News broke late Wednesday that Gina Carano was no longer part of “The Mandalorian” or any other “Star Wars” projects — but the franchise doesn’t really need her anyway.
In a statement that reverberated beyond the Outer Rim, Lucasfilm clarified that Carano “is not currently employed” by the studio and that “there are no plans for her to be in the future.” The comments came as the actress came under fire yet again for problematic social media posts that Lucasfilm noted were “abhorrent and unacceptable.”
This is not the first time Disney has parted ways with talent over their social media activity. In 2018, the company fired filmmaker James Gunn from “Guardians of the Galaxy Vol. 3” after years-old offensive tweets were resurfaced by right-wing commentators in a targeted effort. (The writer-director was later reinstated on the project in 2019.)
Carano was introduced as former Rebel shock trooper Cara Dune during the first season of “The Mandalorian.” Appearing in seven episodes over the course of the Disney+ series’ two seasons, the character grew from being a formidable mercenary to one of Mando’s fiercest and most reliable allies during his adventures with Grogu, better known as Baby Yoda.
Audiences generally responded positively to Cara. Her combat training and physicality paired with her no-nonsense attitude set her apart from the other strong women of “Star Wars,” particularly in the live-action realm. Not only is she a tough ex-soldier who struggled to find her place in the galaxy after the Rebellion was won but she also enjoys a refreshing platonic friendship with Mando.
But since Cara’s debut, “The Mandalorian” has featured a number of other standout warrior women, including Bo-Katan Kryze (Katee Sackhoff) and Ahsoka Tano (Rosario Dawson) — beloved characters from animated “Star Wars” shows — as well as Fennec Shand (Ming-Na Wen). They are each uniquely capable and all committed to separate missions (that sometimes bring them together).
What is distinct about Cara is her affiliation with the Rebel Alliance. (She must have felt particularly strongly about its cause to have the emblem tattooed to her face.) And, according to character backstory revealed in “The Mandalorian,” Cara was from Alderaan, the planet destroyed by the Death Star during the original “Star Wars” film, and from which the franchise’s iconic Leia Organa (Carrie Fisher) also hailed. Although not much else was known about her past, it’s an origin story that particularly resonates with “Star Wars” fans.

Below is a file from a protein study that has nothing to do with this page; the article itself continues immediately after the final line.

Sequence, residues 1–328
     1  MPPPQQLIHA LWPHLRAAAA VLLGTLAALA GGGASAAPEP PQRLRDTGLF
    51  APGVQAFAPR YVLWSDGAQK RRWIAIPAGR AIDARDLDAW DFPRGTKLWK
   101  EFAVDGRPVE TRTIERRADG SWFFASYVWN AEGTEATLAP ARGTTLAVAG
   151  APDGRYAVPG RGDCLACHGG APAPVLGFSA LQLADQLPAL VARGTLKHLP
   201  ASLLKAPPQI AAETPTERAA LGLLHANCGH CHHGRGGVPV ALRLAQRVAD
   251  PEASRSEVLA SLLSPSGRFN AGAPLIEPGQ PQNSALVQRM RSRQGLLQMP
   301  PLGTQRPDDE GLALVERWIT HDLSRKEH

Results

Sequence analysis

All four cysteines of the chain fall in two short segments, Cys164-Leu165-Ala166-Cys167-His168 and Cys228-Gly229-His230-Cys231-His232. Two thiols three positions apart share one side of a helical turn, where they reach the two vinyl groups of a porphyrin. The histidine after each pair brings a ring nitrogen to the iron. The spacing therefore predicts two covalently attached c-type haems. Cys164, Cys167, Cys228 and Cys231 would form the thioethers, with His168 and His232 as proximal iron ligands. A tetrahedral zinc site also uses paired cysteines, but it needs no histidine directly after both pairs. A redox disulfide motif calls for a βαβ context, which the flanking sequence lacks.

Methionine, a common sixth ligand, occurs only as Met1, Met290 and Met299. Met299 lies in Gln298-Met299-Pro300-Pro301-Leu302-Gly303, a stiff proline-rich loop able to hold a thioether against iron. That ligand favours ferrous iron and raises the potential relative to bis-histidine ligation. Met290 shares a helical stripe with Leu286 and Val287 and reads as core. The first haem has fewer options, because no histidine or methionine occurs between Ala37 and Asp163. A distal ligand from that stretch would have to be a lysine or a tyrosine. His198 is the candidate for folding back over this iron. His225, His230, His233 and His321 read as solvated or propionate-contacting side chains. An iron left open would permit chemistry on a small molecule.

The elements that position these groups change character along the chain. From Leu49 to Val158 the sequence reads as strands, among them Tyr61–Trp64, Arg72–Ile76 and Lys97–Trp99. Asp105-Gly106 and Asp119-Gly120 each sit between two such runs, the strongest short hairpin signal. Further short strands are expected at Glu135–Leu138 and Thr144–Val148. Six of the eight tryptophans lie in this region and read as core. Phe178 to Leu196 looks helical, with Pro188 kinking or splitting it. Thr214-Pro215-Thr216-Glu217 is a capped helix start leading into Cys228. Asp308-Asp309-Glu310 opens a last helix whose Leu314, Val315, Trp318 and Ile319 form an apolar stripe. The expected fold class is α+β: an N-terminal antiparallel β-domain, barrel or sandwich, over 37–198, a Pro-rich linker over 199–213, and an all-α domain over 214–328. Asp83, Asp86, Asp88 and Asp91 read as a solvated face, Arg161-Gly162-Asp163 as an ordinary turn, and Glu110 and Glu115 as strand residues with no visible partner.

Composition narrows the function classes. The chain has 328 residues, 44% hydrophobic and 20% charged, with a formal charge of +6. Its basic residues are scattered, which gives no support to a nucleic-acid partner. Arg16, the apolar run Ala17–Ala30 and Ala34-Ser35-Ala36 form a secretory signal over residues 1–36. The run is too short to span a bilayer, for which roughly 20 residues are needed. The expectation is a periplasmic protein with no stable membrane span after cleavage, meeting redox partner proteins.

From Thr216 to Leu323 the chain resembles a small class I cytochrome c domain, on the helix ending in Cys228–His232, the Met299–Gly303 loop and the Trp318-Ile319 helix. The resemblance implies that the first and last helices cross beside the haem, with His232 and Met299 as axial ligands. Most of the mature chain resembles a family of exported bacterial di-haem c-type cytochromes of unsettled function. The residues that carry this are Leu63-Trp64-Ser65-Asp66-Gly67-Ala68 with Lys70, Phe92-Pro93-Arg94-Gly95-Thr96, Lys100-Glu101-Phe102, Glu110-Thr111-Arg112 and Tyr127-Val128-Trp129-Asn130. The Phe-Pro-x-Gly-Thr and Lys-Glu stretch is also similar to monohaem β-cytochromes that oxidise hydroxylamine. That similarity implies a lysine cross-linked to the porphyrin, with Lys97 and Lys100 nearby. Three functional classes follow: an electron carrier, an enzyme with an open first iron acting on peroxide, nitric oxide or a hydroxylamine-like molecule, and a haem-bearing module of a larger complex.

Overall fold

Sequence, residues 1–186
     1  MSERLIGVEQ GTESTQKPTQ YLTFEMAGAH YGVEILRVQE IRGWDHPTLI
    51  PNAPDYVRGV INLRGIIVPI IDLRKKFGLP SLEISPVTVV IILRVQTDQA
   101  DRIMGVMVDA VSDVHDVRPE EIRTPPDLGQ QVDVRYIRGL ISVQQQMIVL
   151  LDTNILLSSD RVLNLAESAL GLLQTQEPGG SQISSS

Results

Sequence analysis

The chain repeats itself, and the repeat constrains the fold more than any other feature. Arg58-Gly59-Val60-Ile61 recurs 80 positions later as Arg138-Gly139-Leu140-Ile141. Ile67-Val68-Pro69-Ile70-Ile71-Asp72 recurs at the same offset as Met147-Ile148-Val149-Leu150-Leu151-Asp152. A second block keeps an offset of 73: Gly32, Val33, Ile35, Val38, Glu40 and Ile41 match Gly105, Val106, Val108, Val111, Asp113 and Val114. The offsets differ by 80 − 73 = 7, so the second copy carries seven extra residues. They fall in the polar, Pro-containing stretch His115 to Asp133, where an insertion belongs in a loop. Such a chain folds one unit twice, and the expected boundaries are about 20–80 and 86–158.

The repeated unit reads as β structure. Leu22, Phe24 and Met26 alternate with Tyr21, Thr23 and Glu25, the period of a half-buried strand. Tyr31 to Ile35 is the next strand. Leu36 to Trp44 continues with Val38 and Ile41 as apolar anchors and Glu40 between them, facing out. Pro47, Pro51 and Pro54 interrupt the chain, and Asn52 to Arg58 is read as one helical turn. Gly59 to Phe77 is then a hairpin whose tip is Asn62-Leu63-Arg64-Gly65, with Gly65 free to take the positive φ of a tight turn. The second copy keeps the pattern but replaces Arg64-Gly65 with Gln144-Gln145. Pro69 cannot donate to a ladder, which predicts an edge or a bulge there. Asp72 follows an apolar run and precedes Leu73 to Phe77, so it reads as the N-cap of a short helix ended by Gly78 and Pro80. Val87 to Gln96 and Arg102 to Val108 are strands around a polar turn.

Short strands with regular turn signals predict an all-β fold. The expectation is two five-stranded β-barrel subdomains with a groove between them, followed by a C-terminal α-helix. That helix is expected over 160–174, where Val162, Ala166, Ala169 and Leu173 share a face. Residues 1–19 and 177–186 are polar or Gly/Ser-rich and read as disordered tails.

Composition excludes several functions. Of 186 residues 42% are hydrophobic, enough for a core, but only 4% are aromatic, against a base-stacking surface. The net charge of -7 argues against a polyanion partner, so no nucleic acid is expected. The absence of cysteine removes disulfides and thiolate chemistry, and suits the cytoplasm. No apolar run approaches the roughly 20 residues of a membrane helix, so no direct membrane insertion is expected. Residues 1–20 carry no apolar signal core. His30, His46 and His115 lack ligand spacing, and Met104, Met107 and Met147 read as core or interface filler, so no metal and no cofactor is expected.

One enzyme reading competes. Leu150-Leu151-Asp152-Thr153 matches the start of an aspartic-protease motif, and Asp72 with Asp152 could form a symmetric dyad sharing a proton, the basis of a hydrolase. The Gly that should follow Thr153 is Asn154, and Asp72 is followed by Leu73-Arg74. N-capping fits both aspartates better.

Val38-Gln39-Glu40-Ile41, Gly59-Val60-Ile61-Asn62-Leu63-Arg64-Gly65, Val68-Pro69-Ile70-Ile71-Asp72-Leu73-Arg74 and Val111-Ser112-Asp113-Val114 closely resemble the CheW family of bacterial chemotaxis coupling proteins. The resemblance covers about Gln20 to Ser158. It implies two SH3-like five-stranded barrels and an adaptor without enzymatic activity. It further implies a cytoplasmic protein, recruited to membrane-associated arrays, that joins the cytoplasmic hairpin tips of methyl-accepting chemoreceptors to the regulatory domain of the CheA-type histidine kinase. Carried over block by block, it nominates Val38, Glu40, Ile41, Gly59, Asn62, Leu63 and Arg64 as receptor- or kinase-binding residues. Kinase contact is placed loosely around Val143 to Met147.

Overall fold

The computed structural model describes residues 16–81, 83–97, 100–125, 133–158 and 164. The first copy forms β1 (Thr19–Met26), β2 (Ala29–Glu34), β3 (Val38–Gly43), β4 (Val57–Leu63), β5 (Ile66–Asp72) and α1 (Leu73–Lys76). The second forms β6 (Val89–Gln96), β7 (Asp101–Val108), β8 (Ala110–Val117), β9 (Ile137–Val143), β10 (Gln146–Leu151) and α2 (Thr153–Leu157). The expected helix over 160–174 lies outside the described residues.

Given her connections to franchise lore, and her membership in the series’ original cast, it stands to reason that Carano might have continued on in “The Mandalorian” in some capacity had she not repeatedly come under fire for offensive and demeaning social media posts, though not much about her future in the “Star Wars” franchise was publicly known. Still, with the Baby Yoda arc seeming to conclude at the end of the second season, “The Mandalorian” has the opportunity to begin a new arc in Season 3, with a new cast of characters, without too much trouble. There’s no telling what part of the galaxy Mando will be setting off to next.
It has also been reported that Carano was being eyed to lead her own spinoff. Among the “Star Wars” spinoffs already in the pipeline are “The Book of Boba Fett,” which was teased at the end of “The Mandalorian’s” Season 2 finale, as well as “Ahsoka” and “Rangers of the New Republic,” which were announced at Disney’s investor’s day presentation late last year. There was plenty of fan speculation that Carano’s character, as a newly minted marshal, could be a good fit for a show like “Rangers of the New Republic.”
But “The Mandalorian” has shown that there is plenty of existing lore, as well as new terrain, for the franchise to explore, and plenty of complex female characters to feature in that storytelling. Though the end of Carano’s relationship with Lucasfilm is big news because of the circumstances that caused it, neither she nor Cara Dune was instrumental enough to Disney+’s flagship “Star Wars” property for her absence to make a dent.
This story originally appeared in Los Angeles Times.